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3 Answers

Best way to file IFR for gaining proficiency in the clouds

Asked by: 4642 views Instrument Rating

I just recieved my instrument rating and the majority of flying I've done under an IFR flight plan is a standard flight, airport to airport.  Recently we've had some days here where the weather would be perfect for getting some cloud time (3000 foot ceiling with tops at 5000), but I'm not sure the best way to file IFR to go out and utilize the practice area and shoot local approaches. Would I be better of filing airport to airport and request vectors for multiple approaches or get a pop-up with block altitude for manuevers once airborn? Any advice for easing my way into some clouds would be appreciated.

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3 Answers

  1. Kris Kortokrax on Oct 21, 2011

    With a 3000′ ceiling, practicing approaches would be difficult.  You would likely not be in the clouds during the approach.  With a lower ceiling, if you just want to stay in the local area and practice approaches at your home airport, you can file to a fix from which you can navigate to fly a local approach (IAF or a VOR, NDB, RNAV fix from which a transition route exists).  In the Remarks portion of the flight plan, place the words “Multiple practice approaches” to give ATC a heads up.  Then have a plan, so you can advise ATC which approaches you plan to fly in sequence and how they will terminate (landing or another approach).
    Not sure what maneuvers you want to practice in the clouds.  Hopefully, not unusual attitudes at this point.  At the pre-ATP level, where steep turns and stalls are performed without visual reference, there are no maneuvers to practice.  Holds and intercepts can be accomplished during the course of performing an approach.

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  2. Matt Williams on Oct 21, 2011

    Kris – Thanks for the info. Filing to the initial approach fix sounds good. I actually plan on flying the full approach in the clouds with a CFI, but really wanted to gauge my susceptibility to spatial disorientation by simply going up and popping in/out of the clouds with decent altitude below me. In the few hours of actual I received during my training I did struggle with being spatially disoriented and was really just looking for the safest and most convenient way to ease my way into some IMC. Thanks!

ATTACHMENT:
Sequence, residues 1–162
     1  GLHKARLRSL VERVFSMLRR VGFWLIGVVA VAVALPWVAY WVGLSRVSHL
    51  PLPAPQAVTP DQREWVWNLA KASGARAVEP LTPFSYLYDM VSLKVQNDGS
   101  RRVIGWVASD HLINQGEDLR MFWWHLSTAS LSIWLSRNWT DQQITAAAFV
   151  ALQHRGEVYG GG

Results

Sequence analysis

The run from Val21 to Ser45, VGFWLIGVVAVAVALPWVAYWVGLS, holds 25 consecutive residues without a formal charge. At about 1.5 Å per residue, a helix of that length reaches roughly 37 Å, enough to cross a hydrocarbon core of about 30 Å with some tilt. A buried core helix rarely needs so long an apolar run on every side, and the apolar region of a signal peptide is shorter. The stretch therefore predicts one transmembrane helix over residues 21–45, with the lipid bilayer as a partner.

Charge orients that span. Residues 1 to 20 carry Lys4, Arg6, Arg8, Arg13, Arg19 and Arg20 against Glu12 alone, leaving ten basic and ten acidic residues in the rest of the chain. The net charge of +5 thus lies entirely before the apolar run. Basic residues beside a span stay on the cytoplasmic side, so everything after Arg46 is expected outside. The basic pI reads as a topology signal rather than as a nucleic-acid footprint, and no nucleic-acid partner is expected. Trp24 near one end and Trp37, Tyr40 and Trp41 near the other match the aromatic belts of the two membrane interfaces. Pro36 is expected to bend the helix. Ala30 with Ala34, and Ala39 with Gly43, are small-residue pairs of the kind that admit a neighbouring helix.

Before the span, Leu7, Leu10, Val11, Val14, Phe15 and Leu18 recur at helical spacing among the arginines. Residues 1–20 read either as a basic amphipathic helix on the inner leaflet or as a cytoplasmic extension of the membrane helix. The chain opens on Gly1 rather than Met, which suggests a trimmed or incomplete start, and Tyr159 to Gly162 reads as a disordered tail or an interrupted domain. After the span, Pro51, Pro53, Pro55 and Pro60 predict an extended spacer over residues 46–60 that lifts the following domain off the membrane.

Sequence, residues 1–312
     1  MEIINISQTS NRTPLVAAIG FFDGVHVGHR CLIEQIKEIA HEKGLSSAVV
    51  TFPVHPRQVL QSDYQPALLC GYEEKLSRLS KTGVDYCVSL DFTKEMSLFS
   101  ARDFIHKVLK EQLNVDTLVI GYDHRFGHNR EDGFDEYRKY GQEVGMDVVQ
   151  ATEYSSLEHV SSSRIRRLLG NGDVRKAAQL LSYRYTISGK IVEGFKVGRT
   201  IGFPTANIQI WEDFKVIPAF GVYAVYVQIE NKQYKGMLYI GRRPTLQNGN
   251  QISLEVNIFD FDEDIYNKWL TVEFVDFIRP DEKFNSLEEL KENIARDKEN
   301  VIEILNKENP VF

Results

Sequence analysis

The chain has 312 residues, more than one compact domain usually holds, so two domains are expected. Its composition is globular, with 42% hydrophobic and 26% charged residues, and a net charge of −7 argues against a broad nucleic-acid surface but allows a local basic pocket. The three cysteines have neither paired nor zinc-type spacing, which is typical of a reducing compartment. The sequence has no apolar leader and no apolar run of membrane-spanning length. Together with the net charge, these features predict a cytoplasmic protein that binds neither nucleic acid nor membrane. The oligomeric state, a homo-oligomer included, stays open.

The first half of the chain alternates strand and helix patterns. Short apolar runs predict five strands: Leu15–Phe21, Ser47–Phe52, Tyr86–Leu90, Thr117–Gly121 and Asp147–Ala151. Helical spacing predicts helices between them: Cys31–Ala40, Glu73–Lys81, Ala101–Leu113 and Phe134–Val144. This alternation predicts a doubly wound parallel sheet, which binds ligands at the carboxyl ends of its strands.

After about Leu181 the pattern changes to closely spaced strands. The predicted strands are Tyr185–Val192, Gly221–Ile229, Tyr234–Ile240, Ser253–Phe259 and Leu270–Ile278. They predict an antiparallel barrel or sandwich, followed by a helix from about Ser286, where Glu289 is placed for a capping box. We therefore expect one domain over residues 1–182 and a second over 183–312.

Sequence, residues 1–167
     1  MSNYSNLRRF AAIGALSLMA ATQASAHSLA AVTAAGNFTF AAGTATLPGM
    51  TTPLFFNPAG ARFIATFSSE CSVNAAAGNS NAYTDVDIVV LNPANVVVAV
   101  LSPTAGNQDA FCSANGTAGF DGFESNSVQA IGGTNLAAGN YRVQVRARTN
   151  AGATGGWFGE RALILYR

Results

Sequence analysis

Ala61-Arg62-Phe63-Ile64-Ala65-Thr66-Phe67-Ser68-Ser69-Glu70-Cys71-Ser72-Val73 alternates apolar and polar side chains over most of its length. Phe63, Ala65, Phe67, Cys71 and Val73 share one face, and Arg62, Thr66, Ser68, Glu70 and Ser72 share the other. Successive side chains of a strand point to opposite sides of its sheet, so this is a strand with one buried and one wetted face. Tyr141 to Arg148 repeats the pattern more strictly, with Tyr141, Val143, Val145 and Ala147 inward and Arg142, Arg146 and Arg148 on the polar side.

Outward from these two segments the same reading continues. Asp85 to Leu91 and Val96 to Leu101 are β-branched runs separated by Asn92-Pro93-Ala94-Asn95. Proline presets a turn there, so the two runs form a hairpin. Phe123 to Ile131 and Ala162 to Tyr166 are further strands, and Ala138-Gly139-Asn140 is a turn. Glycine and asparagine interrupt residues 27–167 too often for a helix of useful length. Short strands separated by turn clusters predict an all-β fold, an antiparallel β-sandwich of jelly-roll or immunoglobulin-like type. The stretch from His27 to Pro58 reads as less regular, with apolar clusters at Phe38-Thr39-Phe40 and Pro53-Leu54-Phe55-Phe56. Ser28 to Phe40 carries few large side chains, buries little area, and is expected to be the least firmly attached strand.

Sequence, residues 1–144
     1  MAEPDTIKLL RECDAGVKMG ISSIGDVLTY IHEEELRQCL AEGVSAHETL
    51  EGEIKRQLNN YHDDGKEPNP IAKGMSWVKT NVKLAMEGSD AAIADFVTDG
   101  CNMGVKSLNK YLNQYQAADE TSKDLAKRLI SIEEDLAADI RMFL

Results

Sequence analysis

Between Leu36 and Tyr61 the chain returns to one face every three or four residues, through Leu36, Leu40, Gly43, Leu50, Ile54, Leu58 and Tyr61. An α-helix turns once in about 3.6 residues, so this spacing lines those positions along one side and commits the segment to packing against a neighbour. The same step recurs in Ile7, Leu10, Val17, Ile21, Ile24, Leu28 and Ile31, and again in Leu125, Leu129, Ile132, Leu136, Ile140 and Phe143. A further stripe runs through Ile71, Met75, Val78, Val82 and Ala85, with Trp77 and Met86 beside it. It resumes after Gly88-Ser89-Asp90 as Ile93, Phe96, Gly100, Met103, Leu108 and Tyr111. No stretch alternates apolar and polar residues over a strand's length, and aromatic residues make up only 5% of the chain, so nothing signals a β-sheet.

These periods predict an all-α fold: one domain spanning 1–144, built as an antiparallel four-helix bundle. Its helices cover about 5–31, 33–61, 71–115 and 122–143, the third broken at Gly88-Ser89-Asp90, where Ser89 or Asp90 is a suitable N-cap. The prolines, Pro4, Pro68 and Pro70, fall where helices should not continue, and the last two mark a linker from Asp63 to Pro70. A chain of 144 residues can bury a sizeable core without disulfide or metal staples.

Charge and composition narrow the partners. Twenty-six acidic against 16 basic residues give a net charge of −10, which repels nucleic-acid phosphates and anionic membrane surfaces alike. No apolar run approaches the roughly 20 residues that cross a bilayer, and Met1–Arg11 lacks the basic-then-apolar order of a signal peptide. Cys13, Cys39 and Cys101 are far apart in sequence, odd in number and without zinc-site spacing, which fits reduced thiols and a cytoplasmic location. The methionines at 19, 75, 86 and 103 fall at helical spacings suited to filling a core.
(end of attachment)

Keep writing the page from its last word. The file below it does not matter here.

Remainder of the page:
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  3. Mark Sanderson on Oct 21, 2011

    Hi Matt,
    In your post you didn’t mention if your home field was controlled or uncontrolled, or what type of airspace.
    If controlled, you can go to clearance delivery or ground control, depending which is used to issue IFR clearances at your airport, and request a VFR on Top clearance to your local practice area.
    After take-off, tower will turn you over to departure who will ask you to report VFR on Top and give you vectors to your practice area. Remember though, VFR on Top is a VFR altitude (+500 ft) and is at least 1000 feet above the undercast.  Once VFR on Top and you notify departure, they will cancel your IFR clearance.  When canceled, however, make sure you tell them you’ll be back with them in a bit. They may even have you remain on the existing txpndr code.
    As you’re now VFR above the cloud deck you can take some time and practice some maneuvers like a hold, DME arc, time turns, etc. You must remain VFR though.
    When you’re ready to go back “home”, just contact departure with an IFR pop-up clearance request for the approach(s) that you would like to do.  If more than one, provide them the sequence of the approaches and how each will terminate until the final approach and the full stop.
    Departure may even “welcome you back”, and then provide you with your IFR clearance for the approach.
    Writing the above is certainly more complicated than actually flying the procedure!!
    Have fun practicing!

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